I snap pictures of kids’ Star Wars T-shirts in the store and declare that I wish they came in my size. I seek out ways to startle and pester my girls. I pretend I’m the Great Brown Hope of NASCAR when I drive on the Interstate (but I never speed).
But those things don’t render me childish.
Well, not all by themselves.
My blog is quite like a kids’ book, which makes me childish.
In this post, I’ll outline the top three ways it is. Then I’ll tell you about three books I’ve dug up from the shelf to read in 2015. My boss gave us an assignment over the break – read something. Read anything. This is tough. Who has enough time?
My blog could be so much better if I could just find the time to reciprocate the reading love so many magnificent bloggers give me here.
But, I can’t. I’ll look back on posts from a few months ago and read engaging comments from talented writers and think, “where has she been?” And all it takes is a visit to her blog or an invite to the 6 Words, and we’re rekindled – for a while.
They’re a study in how talented writers and giving souls venture to your blog and add value. They read and listen and come back, even if you can’t do the same all the time for them. That’s why their comments are taller than a Dagwood sandwich.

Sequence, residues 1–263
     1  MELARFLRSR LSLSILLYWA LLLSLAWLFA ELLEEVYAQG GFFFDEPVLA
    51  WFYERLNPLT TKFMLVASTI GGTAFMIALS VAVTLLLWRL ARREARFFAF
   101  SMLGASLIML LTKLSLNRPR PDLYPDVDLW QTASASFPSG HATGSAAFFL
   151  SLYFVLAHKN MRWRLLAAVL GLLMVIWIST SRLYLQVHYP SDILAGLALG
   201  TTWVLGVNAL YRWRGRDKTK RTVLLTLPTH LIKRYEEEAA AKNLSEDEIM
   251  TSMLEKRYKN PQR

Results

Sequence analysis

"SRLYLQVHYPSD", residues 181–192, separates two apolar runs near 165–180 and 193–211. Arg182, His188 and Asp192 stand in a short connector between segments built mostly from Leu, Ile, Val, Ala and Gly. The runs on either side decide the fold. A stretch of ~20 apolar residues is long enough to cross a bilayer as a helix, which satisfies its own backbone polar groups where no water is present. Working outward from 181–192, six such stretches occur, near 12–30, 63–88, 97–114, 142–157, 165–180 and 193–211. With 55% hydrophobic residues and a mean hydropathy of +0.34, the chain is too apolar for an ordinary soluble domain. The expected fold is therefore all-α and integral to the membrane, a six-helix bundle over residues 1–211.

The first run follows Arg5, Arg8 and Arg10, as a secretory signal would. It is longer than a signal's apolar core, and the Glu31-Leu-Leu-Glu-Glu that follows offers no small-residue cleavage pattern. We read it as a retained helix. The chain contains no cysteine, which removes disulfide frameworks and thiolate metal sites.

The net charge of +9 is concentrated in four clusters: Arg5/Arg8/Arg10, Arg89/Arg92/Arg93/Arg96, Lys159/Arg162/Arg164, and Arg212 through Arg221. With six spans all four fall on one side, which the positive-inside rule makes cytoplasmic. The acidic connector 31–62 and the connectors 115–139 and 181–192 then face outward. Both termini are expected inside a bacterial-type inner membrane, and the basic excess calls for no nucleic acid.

So here’s part one.
How My Blog is Like a Kids’ Book
Storm troopers and quotes
The first image I found, of storm troopers scaling a toilet paper roll, hooked me. There are enough on photopin.com to sustain my habit.
Quotes are words with extra cheese. Quotes in graphics are like extra cheese, butter crust and a place to put your feet up. With quotescover.com, they even become pinnable.
I add them to the bottom of every post. You know those kids books with a ladybug or tiny dinosaur on every page? My girls loved to search for them.
I hope my readers know they’re home when the stormtroopers and a Beau Bridges quotes load on their screens.
That focused look a kid gets, mouth agape, when you’re into both an alluring book?
We grownups read at the eighth- or ninth-grade level, studies show. Read at a high school level, and you could be a physicist, sadistic villain or even the Broncos offensive coordinator. I love Ernest Hemingway’s work. It’s concise but not robotic. It’s descriptive but not flowery.
It knows when to say when, like a small stack of cookies or reasonable binge on vintage Malcolm in the Middle. It’s how I aspire to write.
I use the Hemingway app on every post. (It says this post reads at a Grade 5 level).
I aim for short graphs and ample art. Oh yeah, and a tone closer to Hemingway’s short stories and further from the latest Facebook user’s agreement. Blog reading should never become laborious.
Three books I’ll sneak in for 2015
Beach Music, by Pat Conroy
The Garden of Eden, Ernest Hemingway
Midnight in the Garden of Good and Evil, John Berendt